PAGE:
You often hear talk about a Corporate Culture, an invisible force field that can dictate action and reaction and create the context for everything you do. That’s why an idea thought of as innovative and a promotion considered worthy in one setting is considered risky and foolhardy in another. It may be an over simplification, but those who have worked and grown within an organization probably have the battle scars to prove this reality.
What is not generally discussed is the subject of a Communication Culture. A concept that has been brought to the forefront in the wake of an examination of communication practices due to COVID-mandated hybrid workforces. Once thought to be dictated by C-Suite leaders, Communication Culture has taken on new importance as the lifeblood of messaging. The need for, and use of, both internal and external transparency is scrutinized like never before as leaders desperately look for ways to not only maintain the ability to execute their vision, but also to just simply retain employees who have taken the pandemic as a personal wakeup call for a work and lifestyle re-evaluation. The unspoken rules of how much to say and when to say it are even more vital to the new employee who no longer has the luxury of a traditional on-boarding process in which they would theoretically have the opportunity to get up to speed on something as vital as Communication Culture.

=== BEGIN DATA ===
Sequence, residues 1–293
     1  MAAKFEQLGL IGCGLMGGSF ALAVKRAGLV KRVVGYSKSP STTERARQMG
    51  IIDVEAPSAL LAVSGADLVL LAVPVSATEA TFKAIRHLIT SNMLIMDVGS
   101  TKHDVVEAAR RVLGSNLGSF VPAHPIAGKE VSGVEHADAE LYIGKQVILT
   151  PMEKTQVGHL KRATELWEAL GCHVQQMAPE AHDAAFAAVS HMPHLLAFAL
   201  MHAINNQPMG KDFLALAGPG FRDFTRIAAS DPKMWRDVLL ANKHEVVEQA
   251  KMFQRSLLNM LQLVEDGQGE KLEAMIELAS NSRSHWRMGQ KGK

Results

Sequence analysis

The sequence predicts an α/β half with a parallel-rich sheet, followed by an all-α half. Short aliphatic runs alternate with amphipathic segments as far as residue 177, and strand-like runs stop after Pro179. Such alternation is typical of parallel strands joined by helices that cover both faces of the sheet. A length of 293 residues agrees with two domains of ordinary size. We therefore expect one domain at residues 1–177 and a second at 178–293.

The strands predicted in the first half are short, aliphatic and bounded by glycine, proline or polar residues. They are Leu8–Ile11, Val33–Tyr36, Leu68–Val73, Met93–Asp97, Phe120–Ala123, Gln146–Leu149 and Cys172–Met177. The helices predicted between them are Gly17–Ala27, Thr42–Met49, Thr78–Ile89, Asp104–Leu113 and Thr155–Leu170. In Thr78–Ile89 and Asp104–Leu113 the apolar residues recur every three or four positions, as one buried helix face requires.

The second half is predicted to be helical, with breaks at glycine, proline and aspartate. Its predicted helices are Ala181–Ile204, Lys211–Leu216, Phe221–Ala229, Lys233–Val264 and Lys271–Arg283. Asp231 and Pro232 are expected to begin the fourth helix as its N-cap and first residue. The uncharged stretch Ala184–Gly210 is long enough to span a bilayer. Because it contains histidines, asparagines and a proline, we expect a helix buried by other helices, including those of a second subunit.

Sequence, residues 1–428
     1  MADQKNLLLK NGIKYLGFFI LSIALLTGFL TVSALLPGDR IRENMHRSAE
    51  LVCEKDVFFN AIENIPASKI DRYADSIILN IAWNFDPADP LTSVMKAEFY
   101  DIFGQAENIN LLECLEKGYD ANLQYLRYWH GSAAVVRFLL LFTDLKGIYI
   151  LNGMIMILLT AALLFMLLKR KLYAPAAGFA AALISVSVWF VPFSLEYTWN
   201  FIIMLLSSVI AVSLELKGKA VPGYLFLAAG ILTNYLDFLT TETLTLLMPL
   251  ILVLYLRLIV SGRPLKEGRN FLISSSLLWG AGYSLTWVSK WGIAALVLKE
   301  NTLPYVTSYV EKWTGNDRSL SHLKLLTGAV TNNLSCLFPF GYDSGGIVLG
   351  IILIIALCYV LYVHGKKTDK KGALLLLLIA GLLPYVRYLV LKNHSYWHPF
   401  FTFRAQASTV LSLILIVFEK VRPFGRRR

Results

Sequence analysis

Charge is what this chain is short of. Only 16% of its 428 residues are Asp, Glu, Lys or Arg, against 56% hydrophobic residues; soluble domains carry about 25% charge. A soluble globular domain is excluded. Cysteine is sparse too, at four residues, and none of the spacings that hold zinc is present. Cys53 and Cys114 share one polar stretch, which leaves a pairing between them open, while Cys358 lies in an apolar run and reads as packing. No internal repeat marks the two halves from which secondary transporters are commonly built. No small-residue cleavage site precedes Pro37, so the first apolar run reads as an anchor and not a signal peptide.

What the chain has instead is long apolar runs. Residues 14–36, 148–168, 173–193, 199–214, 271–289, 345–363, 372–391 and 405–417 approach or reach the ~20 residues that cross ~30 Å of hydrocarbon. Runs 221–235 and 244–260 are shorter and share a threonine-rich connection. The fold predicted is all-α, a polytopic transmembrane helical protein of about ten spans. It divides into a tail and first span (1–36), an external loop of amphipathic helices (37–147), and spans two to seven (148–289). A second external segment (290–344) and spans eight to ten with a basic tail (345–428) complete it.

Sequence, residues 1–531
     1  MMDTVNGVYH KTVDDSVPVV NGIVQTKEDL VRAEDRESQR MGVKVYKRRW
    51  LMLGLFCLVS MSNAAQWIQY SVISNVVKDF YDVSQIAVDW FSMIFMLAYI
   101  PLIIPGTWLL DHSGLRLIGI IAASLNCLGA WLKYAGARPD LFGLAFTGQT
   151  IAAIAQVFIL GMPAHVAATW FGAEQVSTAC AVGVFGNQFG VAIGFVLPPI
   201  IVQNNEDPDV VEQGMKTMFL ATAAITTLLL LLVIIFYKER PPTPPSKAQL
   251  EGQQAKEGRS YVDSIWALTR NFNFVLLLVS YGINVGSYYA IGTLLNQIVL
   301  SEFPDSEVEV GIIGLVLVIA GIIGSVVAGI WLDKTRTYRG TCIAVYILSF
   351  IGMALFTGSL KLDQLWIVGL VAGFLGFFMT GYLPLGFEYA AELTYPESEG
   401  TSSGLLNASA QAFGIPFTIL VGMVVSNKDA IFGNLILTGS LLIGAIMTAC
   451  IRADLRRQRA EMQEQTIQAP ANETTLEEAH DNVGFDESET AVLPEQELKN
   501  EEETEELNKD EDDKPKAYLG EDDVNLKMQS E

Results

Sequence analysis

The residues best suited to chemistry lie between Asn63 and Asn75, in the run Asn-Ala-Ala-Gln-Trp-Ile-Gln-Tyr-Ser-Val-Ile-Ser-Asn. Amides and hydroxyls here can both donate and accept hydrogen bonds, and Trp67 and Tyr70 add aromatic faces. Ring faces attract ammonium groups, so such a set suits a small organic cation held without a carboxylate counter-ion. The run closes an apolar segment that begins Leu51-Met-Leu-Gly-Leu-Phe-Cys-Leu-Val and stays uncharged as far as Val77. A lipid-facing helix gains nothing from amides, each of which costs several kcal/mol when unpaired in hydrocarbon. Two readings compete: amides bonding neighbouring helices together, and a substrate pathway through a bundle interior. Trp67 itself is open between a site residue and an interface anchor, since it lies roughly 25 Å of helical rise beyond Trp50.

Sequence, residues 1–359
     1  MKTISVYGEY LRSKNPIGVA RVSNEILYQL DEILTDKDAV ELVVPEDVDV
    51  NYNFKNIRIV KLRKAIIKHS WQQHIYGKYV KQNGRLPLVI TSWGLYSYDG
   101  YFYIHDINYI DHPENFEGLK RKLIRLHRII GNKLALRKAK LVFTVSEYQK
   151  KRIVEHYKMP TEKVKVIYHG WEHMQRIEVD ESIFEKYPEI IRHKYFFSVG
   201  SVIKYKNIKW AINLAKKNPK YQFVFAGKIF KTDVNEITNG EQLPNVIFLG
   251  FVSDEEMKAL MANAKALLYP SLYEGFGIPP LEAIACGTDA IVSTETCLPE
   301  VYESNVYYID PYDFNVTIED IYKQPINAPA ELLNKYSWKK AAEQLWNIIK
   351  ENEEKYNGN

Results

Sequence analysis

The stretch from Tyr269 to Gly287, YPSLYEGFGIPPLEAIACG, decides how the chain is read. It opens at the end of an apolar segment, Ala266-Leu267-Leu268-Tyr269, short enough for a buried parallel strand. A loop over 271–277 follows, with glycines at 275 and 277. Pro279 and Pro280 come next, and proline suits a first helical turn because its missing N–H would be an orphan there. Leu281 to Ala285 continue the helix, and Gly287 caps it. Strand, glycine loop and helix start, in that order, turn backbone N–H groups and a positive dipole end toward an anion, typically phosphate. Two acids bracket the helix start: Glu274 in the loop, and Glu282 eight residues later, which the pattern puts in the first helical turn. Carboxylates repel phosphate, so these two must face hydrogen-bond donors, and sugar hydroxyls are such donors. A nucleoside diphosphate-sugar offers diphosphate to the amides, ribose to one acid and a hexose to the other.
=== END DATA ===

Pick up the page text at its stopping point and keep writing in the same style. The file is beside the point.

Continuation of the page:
And if the pressure to understand a Communication Culture is daunting at the employee level, it’s even greater for the executives. A manager’s credibility is immediately called into question if they show a lack of understanding of the Communication Culture upon arrival. Look no farther than the journey of current Warner Bros. Discovery Chairman David Zaslav. Zaslav, who has taken the top position of the newly merged companies with a mandate to repair frayed relations with the creative community due to the prior administration’s straight-to-digital, 2021 COVID release strategy, is also being asked by Wall Street to cut $3 billion in expenses of the newly formed company. These are not easy orders. Zaslav is far from being the first high profile entertainment exec to feel the impetus to show that there “is a new sheriff in town,” but his need for speed to make changes has already taken its toll on company morale and the very bridges he seeks to repair. It’s not so much what he is doing, but his insufficient understanding of the organization’s Communication Culture in making very public bold announcements, that is getting him off to a shaky start. Even though he has had months of meetings and immersive conversations with industry leaders outside of the Warner Bros. family, the results are creating hostility and insecurity that don’t demonstrate he has what it takes to achieve his ultimate goal of stability and success. Perhaps it was his decisive, brash style that brought him to this position, but not embracing an existing Communication Culture will always take a monumental toll on the long-term ability to lead. Stay tuned.